March Madness is all about upsets and uncertainty. But while schools from smaller conferences like Wichita State, VCU, Butler and George Mason have all made dramatic and unexpected Final Four runs over the past decade, the NCAA champion is rarely much of a surprise. Since 1988, only one team seeded lower than No. 3 has won the national title (No. 4 Arizona in 1997). But what makes a true title contender? We’ve analyzed the past 10 NCAA champions and then weeded through this year’s crop of top squads to find which one best fits the championship mold.
Three leagues — the ACC, the Big East and the SEC — have won 12 of the past 13 titles, and realignment has only made the major conferences stronger. The Big East, for example, lost Syracuse and Pittsburgh to the ACC this year, and in turn it stole mid-major powerhouses Creighton, Xavier and Butler. This is drastically affecting the competitiveness of the smaller conferences. Just look at the CAA. After having two Final Four teams in a six-year span, George Mason, VCU and Old Dominion left the league and last year’s CAA champion was a No. 16 seed.
Top teams that don’t fit the mold: Wichita State and San Diego State. While mid-majors have made surprising Final Four runs, the last team from a non-major conference to win a championship was UNLV in 1990. The Shockers haven’t played a ranked team all season.
Of the past 10 NCAA champions, only the 2011 UConn team ended the season with more than six losses (including tournaments); the Huskies finished 32-9. The 2012 Kentucky squad had the best overall record of the past 10 champs, 38-2. Teams are going to lose games — the last team to complete an undefeated season was Indiana in 1976 — but it’s how teams bounce back that shows if they have championship pedigree. UConn entered the 2011 Big East tournament having lost four of five, but the Huskies responded by beating four ranked teams on their way to the conference title.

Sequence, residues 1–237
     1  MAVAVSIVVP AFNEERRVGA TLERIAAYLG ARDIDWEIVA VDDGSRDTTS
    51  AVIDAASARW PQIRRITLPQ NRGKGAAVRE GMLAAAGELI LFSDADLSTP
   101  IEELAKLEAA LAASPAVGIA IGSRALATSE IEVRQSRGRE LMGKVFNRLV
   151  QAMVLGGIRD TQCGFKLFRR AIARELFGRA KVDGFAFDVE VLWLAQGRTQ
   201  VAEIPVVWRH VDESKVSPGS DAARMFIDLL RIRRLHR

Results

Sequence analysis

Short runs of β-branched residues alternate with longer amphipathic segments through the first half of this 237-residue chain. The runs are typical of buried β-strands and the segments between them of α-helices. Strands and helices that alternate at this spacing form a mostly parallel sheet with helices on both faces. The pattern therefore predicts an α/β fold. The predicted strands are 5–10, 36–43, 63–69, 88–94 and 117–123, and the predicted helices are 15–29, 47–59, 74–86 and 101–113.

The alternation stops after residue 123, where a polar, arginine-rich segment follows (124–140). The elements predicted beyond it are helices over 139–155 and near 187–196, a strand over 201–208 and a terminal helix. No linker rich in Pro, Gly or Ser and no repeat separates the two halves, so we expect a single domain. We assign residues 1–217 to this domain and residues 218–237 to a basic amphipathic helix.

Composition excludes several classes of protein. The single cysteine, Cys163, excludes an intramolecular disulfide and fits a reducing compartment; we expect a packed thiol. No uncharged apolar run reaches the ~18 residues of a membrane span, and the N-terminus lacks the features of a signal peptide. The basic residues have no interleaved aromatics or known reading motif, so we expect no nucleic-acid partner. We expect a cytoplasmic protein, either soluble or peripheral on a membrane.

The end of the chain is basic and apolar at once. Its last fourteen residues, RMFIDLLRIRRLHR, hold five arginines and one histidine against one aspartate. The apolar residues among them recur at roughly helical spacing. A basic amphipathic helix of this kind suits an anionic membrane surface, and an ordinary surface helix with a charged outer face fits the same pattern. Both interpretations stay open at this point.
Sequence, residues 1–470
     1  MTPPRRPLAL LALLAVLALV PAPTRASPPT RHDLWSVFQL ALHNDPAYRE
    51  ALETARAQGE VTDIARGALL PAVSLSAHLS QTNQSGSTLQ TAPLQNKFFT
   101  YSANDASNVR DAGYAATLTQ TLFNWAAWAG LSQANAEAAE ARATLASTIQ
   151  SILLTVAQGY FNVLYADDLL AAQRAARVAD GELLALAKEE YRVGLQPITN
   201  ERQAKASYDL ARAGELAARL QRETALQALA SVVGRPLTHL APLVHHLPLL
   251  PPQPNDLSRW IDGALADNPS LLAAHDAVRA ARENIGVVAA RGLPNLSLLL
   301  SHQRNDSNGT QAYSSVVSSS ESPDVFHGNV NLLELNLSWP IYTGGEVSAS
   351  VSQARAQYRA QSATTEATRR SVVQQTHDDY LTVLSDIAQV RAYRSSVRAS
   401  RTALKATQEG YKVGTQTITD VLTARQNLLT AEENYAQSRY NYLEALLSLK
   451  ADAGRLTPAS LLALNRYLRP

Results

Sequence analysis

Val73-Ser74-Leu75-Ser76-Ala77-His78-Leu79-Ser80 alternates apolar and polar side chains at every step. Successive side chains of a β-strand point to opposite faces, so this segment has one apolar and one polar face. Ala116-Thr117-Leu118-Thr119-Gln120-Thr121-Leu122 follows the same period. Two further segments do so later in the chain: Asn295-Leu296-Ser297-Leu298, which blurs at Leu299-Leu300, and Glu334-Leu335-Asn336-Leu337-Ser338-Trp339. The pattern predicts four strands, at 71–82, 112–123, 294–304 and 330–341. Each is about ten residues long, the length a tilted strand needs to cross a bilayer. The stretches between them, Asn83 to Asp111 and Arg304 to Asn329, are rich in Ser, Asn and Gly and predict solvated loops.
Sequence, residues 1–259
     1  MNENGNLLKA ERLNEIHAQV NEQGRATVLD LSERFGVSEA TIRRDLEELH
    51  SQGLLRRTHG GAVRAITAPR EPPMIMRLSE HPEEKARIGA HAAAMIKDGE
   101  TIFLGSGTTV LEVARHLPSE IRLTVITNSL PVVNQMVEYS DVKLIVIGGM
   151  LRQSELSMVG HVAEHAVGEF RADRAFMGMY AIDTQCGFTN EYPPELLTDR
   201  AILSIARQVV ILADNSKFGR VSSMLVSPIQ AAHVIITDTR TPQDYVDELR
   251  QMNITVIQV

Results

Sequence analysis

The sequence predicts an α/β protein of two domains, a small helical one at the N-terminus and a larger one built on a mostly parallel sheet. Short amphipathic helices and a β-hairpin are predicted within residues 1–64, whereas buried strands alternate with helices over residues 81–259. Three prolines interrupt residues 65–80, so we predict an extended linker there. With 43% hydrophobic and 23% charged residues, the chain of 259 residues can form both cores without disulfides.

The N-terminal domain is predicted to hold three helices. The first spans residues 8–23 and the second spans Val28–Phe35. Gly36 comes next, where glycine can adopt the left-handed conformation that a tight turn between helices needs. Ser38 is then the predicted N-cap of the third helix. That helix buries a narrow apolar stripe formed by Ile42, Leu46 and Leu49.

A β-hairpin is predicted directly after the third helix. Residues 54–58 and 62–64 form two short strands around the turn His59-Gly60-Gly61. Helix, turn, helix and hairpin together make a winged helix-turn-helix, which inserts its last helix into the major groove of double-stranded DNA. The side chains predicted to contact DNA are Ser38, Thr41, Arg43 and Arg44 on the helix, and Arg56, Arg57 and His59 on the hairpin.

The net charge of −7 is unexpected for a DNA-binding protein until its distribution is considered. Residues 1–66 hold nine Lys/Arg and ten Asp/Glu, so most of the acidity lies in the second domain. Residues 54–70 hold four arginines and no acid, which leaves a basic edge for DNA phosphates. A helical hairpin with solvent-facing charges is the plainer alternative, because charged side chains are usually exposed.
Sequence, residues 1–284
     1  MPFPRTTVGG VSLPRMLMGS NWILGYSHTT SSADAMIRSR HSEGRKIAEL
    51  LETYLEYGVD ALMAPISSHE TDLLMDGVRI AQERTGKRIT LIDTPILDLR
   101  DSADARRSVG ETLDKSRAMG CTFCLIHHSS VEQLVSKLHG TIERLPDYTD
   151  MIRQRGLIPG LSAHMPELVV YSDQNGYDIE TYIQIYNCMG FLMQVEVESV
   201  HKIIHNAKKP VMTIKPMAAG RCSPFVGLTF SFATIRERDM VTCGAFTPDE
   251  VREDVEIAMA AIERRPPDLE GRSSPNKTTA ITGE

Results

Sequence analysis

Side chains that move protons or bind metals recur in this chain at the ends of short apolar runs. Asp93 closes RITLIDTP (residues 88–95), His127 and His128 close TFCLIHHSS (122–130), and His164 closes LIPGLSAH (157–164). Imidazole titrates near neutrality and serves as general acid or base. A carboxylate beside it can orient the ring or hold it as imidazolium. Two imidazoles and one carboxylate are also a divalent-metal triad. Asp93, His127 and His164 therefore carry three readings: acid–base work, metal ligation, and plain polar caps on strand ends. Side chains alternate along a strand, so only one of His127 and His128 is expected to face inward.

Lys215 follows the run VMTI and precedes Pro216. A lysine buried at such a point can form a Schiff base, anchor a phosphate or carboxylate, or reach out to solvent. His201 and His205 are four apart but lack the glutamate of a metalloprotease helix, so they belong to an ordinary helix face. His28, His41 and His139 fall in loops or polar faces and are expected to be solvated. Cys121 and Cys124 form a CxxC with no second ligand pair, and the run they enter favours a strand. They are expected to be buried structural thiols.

Top teams that don’t fit the mold: Duke and Kansas. The Blue Devils and the Jayhawks top a list of marquee teams with at least eight losses that also includes Michigan, Kentucky, Michigan State and North Carolina.
3. Points scored
Of the past 10 champions, nine ranked in the top 30 in the country in points per game. The 2011 champion Huskies — you might have noticed they’re the biggest anomaly in this group — had the lowest scoring average at 72.4 points per game. UConn ranked 74th in the country that year. Defensive-minded teams have dominated the top of the rankings most of this season. Three top four seeds rank in the top 10 in scoring — Iowa State, Louisville and UCLA.
Top teams that don’t fit the mold: Syracuse and Virginia. The Orange’s 2-3 zone has held opponents to just 59.5 points a game — ninth in the country. The Cavaliers — who use a pressure man-to-man defense — hold teams to an NCAA-low 55.3 points a game. But both ACC squads go through lulls on offense and average well under 70 points a game. They each rank outside the top 250 in scoring offense.
4. Point differential